Texas Gov. Rick Perry's campaign has gotten its court date in Virginia. U.S. District Judge John Gibney Jr. has set a hearing on the validity of Virginia's primary ballot for Jan 13th.
Before that hearing, the judge is requiring that the Perry campaign reach out to the other Republican candidates, to see if they would be interested in joining either side of the suit. Perry
Communications director Ray Sullivan says the campaign will "respect and abide by that order."
In fact, Sullivan says Perry would "welcome other candidate involvement."Virginia has some of the country's toughest ballot requirements. Only two GOP candidates qualified in Virginia, Mitt Romney and Ron Paul.
Virginia's legislature meets on Jan. 11. Newt Gingrich wants state legislators to change the law in time for him to start a write-in campaign for the March 6 presidential primary. Sullivan says the Perry campaign is also leaving that option, and any other option that "gets greater access to the ballot," open.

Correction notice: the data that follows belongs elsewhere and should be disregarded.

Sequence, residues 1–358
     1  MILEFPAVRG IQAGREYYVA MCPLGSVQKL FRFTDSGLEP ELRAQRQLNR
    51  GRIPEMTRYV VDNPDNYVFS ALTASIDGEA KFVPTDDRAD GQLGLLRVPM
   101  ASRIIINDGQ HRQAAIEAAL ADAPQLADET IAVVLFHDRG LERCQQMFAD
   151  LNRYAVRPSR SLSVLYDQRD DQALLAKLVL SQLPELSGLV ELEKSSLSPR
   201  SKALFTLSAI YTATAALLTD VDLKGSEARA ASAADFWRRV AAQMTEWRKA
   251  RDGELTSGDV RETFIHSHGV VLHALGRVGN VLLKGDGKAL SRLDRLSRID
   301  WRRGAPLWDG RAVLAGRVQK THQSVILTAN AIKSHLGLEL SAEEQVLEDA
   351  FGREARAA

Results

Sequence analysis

Perry is challenging the constitutionality of Virginia's ballot's laws, specifically the requirement that ballot petitioners be eligible or registered voters in Virginia.
Judge Gibney didn't let the Perry lawyers off easy. He rejected the request for an immediate executive court order to require Virginia to place his name on the primary ballot.
Gibney also questioned why this case was in a federal, rather than a state court, and he voiced skepticism about whether Virginia Attorney General Ken Cuccinelli has a conflict of interest in this case. Cuccinelli recently gave a statement in which he said he was hopeful the General Assembly would remedy the situation in its upcoming session.
Perry's campaign still isn't certain why the 10 thousand plus signatures they turned in were not valid. They are "in the process of looking into that now."